Why we need to protect turtles

Richard Branson looking out over the ocean
Image from Visual Eye
A close up of Richard Branson smiling, looking at the camera
Richard Branson's signature
Published on 6 October 2020
Incredible to see these cute hawksbill turtle hatchlings flip flopping over each other on Necker’s (aptly named) Turtle Beach as they make their way down to the ocean for the first time.

I love seeing this marvel of nature every year and as you can see in this picture, I’m standing very carefully so I don’t get too close to any of the little critters!

Image from Virgin.com
Image from Virgin.com

One of my favourite things about living in the BVI is being surrounded by such stunning scenery and nature. We are extremely fortunate to be able to witness such beautiful scenes. In the BVI the same turtles will return to the beach that they were born on to nest again for generations.

These wonderful turtles have been on our planet for 100 million years – yet it’s sad that their future is uncertain. Many species of turtles are vulnerable due to climate change, unsustainable fishing methods, pollution and in some parts of the world, hunting.

Of the seven species of marine turtles in the world, six are internationally classified as vulnerable. Beach and coastal erosion, coastal development, pollution and climate change (warming seas and extreme storms) all impact these incredible creatures. The BVI is home to four of these species of turtles. Despite their dwindling numbers, a hunting season where certain species of turtles can legally be hunted and killed still exists. Thankfully not leatherbacks, which are widely protected in the Caribbean.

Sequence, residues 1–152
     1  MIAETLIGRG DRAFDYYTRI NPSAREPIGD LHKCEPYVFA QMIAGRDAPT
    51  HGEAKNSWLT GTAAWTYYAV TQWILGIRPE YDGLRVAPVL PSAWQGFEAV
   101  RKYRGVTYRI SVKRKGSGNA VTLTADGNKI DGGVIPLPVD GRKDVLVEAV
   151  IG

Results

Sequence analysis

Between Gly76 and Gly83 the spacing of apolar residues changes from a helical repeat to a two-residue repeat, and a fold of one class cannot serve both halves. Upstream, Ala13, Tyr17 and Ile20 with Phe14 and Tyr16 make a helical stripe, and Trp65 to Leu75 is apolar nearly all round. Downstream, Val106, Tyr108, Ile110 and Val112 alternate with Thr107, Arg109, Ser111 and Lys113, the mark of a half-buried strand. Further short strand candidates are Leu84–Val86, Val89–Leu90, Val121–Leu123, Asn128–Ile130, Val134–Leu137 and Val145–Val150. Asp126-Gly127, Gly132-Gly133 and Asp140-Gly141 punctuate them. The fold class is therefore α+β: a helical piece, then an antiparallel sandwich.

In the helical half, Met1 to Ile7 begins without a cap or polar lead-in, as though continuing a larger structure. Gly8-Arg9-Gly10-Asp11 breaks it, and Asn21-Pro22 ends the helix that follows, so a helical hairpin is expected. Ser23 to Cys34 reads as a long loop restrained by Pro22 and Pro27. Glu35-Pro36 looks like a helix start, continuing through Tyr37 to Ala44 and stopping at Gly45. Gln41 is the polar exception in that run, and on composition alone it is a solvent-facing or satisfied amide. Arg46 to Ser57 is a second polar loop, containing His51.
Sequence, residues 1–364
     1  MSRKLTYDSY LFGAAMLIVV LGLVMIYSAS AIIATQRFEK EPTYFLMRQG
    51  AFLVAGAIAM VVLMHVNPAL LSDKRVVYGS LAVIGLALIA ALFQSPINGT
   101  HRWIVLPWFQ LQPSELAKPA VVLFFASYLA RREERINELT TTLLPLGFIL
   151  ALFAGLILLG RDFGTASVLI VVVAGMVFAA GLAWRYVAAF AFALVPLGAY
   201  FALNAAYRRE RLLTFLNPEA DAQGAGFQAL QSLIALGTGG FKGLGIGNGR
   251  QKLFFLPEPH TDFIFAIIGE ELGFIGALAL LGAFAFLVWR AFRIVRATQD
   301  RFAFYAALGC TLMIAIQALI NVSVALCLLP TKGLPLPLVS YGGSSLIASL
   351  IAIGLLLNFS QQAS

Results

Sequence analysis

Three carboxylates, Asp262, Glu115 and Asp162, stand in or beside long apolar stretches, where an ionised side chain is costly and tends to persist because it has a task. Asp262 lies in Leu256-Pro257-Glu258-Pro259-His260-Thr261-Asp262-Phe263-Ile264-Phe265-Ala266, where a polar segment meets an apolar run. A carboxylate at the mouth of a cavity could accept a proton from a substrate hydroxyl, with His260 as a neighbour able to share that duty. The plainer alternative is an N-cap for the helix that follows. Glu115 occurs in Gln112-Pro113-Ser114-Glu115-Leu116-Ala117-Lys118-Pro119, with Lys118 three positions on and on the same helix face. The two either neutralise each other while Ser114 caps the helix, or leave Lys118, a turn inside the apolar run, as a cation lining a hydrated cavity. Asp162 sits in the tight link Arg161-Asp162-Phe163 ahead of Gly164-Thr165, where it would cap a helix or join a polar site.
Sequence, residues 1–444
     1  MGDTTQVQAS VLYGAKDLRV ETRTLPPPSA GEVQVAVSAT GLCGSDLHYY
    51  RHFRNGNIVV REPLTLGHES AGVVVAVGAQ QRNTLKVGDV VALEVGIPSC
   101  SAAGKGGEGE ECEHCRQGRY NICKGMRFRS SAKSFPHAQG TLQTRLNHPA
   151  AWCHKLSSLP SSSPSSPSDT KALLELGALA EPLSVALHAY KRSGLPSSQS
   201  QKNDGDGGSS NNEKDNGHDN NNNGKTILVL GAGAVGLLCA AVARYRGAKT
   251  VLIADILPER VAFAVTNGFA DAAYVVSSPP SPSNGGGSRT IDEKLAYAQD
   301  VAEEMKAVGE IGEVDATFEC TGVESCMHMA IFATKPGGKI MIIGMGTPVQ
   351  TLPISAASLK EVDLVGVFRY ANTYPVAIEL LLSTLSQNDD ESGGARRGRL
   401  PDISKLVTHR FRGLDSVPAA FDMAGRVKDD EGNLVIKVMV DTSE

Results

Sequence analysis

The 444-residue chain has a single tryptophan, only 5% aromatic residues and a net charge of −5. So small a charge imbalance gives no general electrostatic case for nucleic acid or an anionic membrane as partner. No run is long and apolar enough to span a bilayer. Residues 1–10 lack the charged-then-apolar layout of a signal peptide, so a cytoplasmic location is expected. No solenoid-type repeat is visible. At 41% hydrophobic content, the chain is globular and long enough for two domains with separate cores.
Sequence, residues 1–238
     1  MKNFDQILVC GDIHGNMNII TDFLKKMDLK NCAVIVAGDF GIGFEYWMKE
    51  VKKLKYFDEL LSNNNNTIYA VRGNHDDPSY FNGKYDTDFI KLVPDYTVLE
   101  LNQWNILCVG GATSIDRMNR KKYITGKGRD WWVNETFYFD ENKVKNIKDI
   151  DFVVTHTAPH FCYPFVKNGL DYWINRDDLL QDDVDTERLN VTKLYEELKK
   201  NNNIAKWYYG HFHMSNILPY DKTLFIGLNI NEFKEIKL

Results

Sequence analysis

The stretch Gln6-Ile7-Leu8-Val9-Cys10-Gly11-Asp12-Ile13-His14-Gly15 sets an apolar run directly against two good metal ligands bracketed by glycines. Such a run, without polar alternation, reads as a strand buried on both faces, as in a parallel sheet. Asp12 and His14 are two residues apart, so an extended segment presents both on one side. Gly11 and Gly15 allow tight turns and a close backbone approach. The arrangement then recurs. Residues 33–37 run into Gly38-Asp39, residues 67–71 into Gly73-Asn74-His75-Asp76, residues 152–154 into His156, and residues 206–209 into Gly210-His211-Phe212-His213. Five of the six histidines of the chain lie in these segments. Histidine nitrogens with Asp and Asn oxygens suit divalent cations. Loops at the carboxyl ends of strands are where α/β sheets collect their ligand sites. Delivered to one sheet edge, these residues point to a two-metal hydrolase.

We have a huge responsibility to protect turtles from extinction. On Necker Island Turtle Beach is a protected area, which has happily become a favourite turtle nesting and breeding site. Unite BVI is working hard to help protect sea turtles from extinction through conservation programmes and advocacy. The BVI Conservation and Fisheries department are also working on conservation programmes and community education on the importance of these creatures to our entire eco system.

It’s time for all of us to make protection and conservation of our environment a priority – it’s why we are also supporting Ocean’s Unite’s campaign to protect 30% of the ocean by 2030.

We all have a lot to gain from protecting these amazing animals and from the ocean.